Former Stormont first minister Peter Robinson has branded Sinn Fein’s stance on Irish language provisions “pitiful and absurd”.
In a rare post-retirement intervention into the political debate, the ex-DUP leader said the republican demand for a stand-alone Irish Language Act is unacceptable.
Mr Robinson asked why Sinn Fein is not prepared to support a piece of legislation that offers protections for both Irish speakers and those who support Ulster Scots culture.
In a Facebook post, the former first minister claimed Sinn Fein’s electoral credibility in the Republic of Ireland would be potentially diminished if the party fails to sign up to a deal to restore powersharing north of the border.
He said if direct rule is reimposed from Westminster, Sinn Fein would effectively be left watching on while a Conservative Government in close contact with the DUP administers government in Northern Ireland.
“The DUP have passed the test of being responsible political negotiators,” he wrote.
“Now it is Sinn Fein’s turn to step forward.
“At the heart of the Sinn Fein case is a demand for an Irish Language Act. It is pitiful and absurd that republicans would collapse the democratic institutions to advance their cultural agenda.
“It is entirely legitimate for Sinn Fein to press for an Irish Language Act and of course there is every need for all the parties to respect, and where possible, accommodate differences, but that can never be a one-way street. There is no credibility in asserting your need to have your culture respected if you blatantly disrespect that of others.
“So let’s see a sensible deal. Who can complain if there are those who cherish the Irish language or who passionately support Ulster Scots culture? Who would find it unacceptable for arrangements to be put on a statutory basis to protect and support both?
“Both can be accommodated. It seems that Sinn Fein do not just want the language to be recognised and supported but require that it is isolated from any other cultural provisions and given supremacy in a free standing ILA (Irish Language Act).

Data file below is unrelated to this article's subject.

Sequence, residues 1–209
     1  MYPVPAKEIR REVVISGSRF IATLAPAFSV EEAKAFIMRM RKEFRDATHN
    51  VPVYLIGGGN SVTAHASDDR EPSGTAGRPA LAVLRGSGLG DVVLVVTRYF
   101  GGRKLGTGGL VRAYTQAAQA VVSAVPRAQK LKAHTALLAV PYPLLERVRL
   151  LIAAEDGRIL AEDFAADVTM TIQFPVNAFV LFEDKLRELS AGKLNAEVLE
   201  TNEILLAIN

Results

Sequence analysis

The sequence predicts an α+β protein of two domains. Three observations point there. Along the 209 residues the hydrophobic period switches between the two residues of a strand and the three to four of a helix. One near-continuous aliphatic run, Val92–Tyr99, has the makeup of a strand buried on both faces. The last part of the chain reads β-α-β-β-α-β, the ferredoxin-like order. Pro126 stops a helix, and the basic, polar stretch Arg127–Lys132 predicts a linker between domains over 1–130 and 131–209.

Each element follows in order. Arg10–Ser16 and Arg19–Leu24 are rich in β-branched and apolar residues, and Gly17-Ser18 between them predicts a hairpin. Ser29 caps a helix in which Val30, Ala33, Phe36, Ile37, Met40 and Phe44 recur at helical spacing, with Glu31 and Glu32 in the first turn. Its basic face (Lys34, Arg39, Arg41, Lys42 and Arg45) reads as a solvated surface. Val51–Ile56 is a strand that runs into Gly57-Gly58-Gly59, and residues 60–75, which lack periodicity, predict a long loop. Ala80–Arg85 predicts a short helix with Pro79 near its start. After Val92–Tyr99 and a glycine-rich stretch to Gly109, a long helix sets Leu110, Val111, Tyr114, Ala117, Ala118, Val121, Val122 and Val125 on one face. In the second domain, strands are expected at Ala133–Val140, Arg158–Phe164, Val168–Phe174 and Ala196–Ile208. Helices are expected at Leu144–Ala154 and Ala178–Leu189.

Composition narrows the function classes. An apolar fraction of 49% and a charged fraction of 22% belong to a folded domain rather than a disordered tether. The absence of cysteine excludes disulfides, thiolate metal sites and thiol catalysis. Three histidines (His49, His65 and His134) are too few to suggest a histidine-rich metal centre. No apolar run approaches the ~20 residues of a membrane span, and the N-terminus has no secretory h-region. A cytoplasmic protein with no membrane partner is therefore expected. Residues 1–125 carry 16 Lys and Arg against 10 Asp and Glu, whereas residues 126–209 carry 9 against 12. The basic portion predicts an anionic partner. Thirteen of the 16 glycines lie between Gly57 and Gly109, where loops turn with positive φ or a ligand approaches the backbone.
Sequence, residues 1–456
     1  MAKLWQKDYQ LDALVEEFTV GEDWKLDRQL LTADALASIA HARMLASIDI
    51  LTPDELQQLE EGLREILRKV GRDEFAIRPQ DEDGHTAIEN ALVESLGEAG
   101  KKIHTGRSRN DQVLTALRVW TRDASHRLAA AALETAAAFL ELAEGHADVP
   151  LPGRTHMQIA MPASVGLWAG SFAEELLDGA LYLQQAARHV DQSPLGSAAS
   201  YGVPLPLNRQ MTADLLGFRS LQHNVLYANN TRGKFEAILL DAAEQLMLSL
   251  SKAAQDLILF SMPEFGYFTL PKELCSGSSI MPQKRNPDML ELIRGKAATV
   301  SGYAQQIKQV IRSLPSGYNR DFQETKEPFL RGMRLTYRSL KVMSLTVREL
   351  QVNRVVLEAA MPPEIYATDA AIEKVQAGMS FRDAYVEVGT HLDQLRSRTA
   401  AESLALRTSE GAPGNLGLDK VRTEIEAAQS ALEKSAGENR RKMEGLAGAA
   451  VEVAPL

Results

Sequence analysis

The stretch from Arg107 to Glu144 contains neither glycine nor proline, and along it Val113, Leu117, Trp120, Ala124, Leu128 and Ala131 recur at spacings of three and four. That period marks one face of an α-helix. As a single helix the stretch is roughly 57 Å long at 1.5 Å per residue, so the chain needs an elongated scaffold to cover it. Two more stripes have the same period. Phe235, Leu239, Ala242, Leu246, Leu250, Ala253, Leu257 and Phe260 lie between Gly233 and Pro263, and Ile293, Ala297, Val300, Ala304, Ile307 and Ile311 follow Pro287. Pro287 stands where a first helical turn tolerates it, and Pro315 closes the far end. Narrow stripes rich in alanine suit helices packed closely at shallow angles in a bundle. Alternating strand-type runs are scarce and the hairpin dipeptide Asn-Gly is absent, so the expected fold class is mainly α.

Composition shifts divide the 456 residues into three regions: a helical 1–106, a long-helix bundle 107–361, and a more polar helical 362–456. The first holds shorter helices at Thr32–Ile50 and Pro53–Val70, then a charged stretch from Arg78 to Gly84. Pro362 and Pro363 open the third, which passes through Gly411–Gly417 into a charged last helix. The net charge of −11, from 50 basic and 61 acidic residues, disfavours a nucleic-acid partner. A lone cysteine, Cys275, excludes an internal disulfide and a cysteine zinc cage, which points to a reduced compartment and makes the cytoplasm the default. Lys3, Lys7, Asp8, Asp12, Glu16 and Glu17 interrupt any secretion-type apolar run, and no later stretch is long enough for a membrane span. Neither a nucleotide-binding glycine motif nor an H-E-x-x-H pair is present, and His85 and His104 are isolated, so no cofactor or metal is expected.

“It would be churlish to let a deal collapse by demanding a stand-alone Bill as if one culture had pre-eminence and should not be given legal recognition alongside the cultural expression of others.
“That would not be showing respect or practising equality. If the Irish language was incapable of co-existing in legislation with other cultural expressions, then surely it would follow that it is not capable of co-existing in life with other cultures. This is manifestly not the case.
“People want the Assembly restored and will not easily forgive those who stand in the way.”
Referring to the prospect of direct rule, Mr Robinson wrote: “Business will be done at Westminster where unionism is Northern Ireland’s only voice and, post-EU, Sinn Fein’s only relevance in Northern Ireland politics will be at council level.
“So I end where I began. It is Sinn Fein’s turn to act responsibly in the interests of the people. This is a time for leadership which has not been evident recently from republicans. Sinn Fein must show that it is interested in the wellbeing of its constituents’ health, education, infrastructure and jobs.
“Hiding behind political rhetoric and taking refuge in extending its abstentionism is not what is needed.
“Has Sinn Fein got the ability to match the DUP and act in the public interest? We will soon find out.”